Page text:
Candidates for the 50th Congressional District give their opinions on healthcare reform

We asked the candidates for the 50th Congressional District seat for their opinions on healthcare reform. Here they are:

First, Do No Harm

By Congressman Brian P. Bilbray

Let me be absolutely clear about our current health care debate: We need a system of health care that provides affordable access to quality care. Republicans and Democrats agree that our system needs reform. Unfortunately, the 1,990-page H.R. 3962, the so-called Affordable Health Care for Americans Act of 2009 that was recently rushed through the House of Representatives, isn't bi-partisan, makes health care more expensive and gives no guarantee that America's money will not be wasted.

The bill, written in closed-door meetings, carries a heavy price tag. The non-partisan congressional agency that provides economic analysis projects the true cost of the bill to the American taxpayer as more than $1 trillion. Since then the bill has bloated to $1.2 trillion. The non-partisan agency also said that it will cost America more in the long run than if we kept the current broken system in place. They also estimated our 2009 federal budget deficit at $1.6 trillion with a ten-year projected budget deficit of $9 trillion.

The funding mechanism for H.R. 3962 is made up of three parts: higher taxes (such as the income tax surcharge, the small businesses tax increase, and a tax increase on the makers of medical devices), new penalties (such as the penalty to individuals who do not comply with forced coverage or the business penalty) and billions in cuts to Medicare Advantage.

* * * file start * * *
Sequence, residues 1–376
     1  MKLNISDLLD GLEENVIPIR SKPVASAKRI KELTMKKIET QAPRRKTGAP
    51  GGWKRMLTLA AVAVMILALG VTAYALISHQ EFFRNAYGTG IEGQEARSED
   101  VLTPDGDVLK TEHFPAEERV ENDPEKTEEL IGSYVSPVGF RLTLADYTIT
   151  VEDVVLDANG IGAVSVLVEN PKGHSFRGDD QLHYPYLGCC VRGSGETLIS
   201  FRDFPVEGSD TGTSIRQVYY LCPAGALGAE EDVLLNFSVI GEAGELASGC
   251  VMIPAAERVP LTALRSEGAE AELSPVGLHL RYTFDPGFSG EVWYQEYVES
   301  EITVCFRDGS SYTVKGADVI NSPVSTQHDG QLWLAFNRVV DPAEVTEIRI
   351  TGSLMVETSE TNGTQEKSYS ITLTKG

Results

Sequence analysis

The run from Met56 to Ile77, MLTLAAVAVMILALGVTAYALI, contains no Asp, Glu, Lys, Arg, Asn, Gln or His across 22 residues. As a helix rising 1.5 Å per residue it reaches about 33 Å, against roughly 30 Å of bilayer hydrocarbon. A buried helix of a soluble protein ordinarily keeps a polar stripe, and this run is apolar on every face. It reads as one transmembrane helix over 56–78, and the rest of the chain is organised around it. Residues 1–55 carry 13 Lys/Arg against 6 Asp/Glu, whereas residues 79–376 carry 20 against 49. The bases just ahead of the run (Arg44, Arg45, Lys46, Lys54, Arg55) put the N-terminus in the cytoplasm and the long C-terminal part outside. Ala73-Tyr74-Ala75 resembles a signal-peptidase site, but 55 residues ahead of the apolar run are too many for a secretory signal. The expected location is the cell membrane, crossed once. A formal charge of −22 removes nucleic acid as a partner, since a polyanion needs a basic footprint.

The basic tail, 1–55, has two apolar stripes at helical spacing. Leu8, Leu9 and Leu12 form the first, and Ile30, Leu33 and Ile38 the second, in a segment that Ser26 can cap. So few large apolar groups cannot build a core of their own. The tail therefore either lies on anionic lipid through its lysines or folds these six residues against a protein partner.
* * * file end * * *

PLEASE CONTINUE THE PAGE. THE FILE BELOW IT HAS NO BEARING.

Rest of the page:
H.R. 3962 falls flat on efforts to control costs. One solution would be to enact medical tort reform to limit attorney's fees.

H.R. 3962 specifically bans reducing attorney's fees and does nothing to control outrageous litigation rewards. Private insurance regulations must be reformed so individuals with pre-existing conditions are not denied coverage, and so insurance seekers can cross state lines to find more competitive health insurance. Further, small businesses should be free to band together in order to purchase insurance at the same rates given to large corporations.

Brian Bilbray, a Republican, is the incumbent in the 50th District Congressional race.

Bilbray Needs a Shot of Reality

by Francine Busby

Mr. Bilbray needs a shot of reality about the benefits that health insurance reform will bring to businesses and families in San Diego. It's time to stop fighting and start working together.

Within San Diego's five Congressional Districts, over 600,000, or 20.2 percent of people are uninsured. According to the U.S. Census Bureau, in Bilbray's own district, 15.8 percent, or over 103,000 people are currently without health insurance. Under Mr. Bilbray's preferred proposal, the Republican Plan, none of those 103,000 will gain access to healthcare.

In contrast to the Medicare Prescription Drug Act of 2003 that was rubber stamped by a Republican Congress without any provisions to pay for it, the Affordable Health Care For Americans Act of 2009 will pay be paid for, according to the CBO. The Medicare Act prohibited the government from negotiating costs for prescription drugs. The costs ballooned to $724 billion by 2006. The new bill corrects that problem and closes the gap in payment for prescription drugs that has hit Seniors hard.

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